Saturday, January 25, 2014

Surveillance, politeness, and privacy

Is the NSA killing us or protecting us?

Surveillance as a general social principle. We are always watching each other, and it is the primordial way of being in society. In the old days, gossip was the principal method of leveraging surveillance into social power and enforcement. Now we happily surveil each other by facebook, twitter, google earth, and leave comments. The issue in our new surveillance environment is not the existence of surveillance per se, but the asymmetry and invasiveness of surveillance. Do we know who is watching, what they are watching, and when they are watching? Are they harming us? Can we turn it off?

Traditionally, social surveillance is always mutual. You see me at the same time I see you- having a meal together, talking, hunting. The power of this mutual observation and interaction is immense, policing our behavior so as to enforce "normal" standards, alert for any deviation, political or moral lapse, for novel signals of fashion, disease, innovation, threat, etc. Religion is its purest expression- including extensive, in-depth thought policing.

Some people stand up well to all this observation, some don't. The pervasive social pressure has enormous effects on our mental health, causing depression, suicide, peer pressure, status anxiety, etc.. one of the great, if not the greatest, motive forces of politics and social life in general. One point of etiquette is to relieve people of this anxiety, leaving their private affairs politely out of the conversation, even as the observation goes silently on. The essence of privacy is not that we are not observed, but that we are not held to account or bullied about it beyond endurance.

The totalitarian societies were a sort of reversion back to the small town mode of intense surveillance, with a total invasion of privacy and violation of civilized etiquette in the bargain, using all this information against people at their most vulnerable points. But in large societies we have typically adapted to a much looser model of toleration & privacy, where due to the sheer numbers and sheer density, more observation and more diversity must be accommodated than humans are typically comfortable with. So we keep a small community of close relationships and mutual close surveillance, amid a large cloud of anonymous and little-noticed passers-by.

Big data has changed all this, bringing the intimacy of small town surveillance, where the local store clerk, for instance, knew what everyone bought, to the global stage. Some embrace the facebook-i-zation of personal surveillance. The question is mostly whether we can turn off portions of this surveillance that we do not like, or which we collectively deem asymmetrically unfair and invasive,m or corrupt and incompetent. For instance, our credit cards provide entree to all our purchases to faceless corporations who diligently mine them for scraps of sales leads, and sell them off to their "partners". It is a seamy, disreputable business, and not at all voluntary.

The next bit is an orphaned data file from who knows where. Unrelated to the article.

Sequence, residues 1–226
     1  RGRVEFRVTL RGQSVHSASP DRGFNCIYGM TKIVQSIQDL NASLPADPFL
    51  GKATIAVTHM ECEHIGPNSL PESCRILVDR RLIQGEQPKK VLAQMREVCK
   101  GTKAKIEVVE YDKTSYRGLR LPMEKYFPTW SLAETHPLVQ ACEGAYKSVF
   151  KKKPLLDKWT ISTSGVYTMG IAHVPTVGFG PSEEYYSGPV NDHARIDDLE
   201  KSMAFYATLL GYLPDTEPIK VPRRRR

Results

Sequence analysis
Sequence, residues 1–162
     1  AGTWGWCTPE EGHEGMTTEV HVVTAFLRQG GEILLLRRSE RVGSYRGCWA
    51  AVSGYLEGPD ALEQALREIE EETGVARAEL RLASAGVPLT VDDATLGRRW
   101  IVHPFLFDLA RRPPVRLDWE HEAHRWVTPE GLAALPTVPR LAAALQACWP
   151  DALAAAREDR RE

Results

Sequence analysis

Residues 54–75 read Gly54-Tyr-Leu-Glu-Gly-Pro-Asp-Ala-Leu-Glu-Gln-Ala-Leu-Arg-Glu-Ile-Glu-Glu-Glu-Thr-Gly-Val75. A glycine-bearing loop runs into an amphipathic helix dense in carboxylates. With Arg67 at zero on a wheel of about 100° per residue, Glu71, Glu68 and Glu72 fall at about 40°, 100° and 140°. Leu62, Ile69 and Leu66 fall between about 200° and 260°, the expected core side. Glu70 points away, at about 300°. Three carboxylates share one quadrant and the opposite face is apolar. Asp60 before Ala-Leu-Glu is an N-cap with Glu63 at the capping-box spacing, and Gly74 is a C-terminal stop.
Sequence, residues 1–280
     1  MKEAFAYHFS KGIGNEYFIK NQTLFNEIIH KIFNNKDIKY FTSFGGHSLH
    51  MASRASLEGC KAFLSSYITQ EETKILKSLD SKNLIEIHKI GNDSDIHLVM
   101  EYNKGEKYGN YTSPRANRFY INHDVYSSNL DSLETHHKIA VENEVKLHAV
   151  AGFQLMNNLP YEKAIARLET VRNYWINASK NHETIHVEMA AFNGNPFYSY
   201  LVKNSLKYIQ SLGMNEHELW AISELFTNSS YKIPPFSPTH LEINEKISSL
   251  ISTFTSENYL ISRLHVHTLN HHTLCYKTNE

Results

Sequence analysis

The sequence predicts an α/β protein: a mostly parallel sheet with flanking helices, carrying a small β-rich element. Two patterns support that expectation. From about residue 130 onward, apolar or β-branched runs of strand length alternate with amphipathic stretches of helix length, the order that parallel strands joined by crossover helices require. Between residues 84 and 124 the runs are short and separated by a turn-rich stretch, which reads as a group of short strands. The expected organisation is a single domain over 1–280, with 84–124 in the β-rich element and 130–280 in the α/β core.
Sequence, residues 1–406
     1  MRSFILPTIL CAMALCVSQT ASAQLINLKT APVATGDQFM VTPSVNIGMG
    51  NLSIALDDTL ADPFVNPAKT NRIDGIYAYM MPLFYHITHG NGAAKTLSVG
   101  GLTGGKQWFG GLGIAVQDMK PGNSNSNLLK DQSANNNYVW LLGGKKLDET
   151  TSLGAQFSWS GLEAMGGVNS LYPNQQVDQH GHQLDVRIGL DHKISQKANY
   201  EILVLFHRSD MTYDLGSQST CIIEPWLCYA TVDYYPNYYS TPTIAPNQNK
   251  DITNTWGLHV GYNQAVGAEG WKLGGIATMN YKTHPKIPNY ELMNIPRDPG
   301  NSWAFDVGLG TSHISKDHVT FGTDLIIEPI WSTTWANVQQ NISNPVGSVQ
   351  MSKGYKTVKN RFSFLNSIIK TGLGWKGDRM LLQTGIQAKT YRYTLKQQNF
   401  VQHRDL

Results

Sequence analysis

If they had reasons of state, and a secret court looking over their shoulders, I would be far more amenable. But they don't. Credit cards are not an optional institution in today's world, so this surveillance is essentially involuntary, and extremely asymmetric. Its typical results, however, are modestly annoying, rather than invasive or life-threatening, so the cost has to date been borne without too much complaint. And the monitoring of all our web comings and goings.. well, it is not far from George Orwell's Telescreens of 1984, which monitor everyone with an unblinking eye.

What to do? The NSA portion of this is relatively inconsequential, really. The average person's degree of invasion from their practices is essentially nil, though surely mistakes have happened and cause great individual harm. The government's no-fly list is an example of a relatively more open program plagued with error and invasiveness.

But the flood of other personal data rushing into corporate and other unknown hands is far more serious. The Target incident where tens of millions of accounts were stolen, the ongoing traffic in social security numbers, identity theft, false tax claims, endless spam, and targeted come-ons, etc.. all point to a "system" in crisis. We have let our virtual selves contain ever more important data without vetting anything, or any serious legal structure. Sure, the companies in question have a stake in customer faith and thus their own prudence & etiquette. But their transparency is nonexistent and failures clearly frequent. We have no idea, and even they have little idea, what has been stolen or bartered away into the nether worlds of cybercrime.

Even biometrics hold out little hope. A fingerprint or iris scan can be forged, as can any other piece of data. We are trapped in a data whirlwind, where it is only ourselves, in person and with competent memories, that can completely attest to identity. So we are back to the personal, one-to-one world of rich and personal information that we began with.

I don't think it is enough to hark back to the privacy provisions of the constitution and take an absolutist position that divides harsh restrictions on government surveillance from a wild-west atmosphere in the private realm, papered over with the concept of so-called "voluntary" participation. We need new law in this new realm, to enforce competence of information collection and safe-guarding on all entities that collect big data, (with business-ending penalties for flagrant breaches), and to match its social effects and invasiveness with public oversight.

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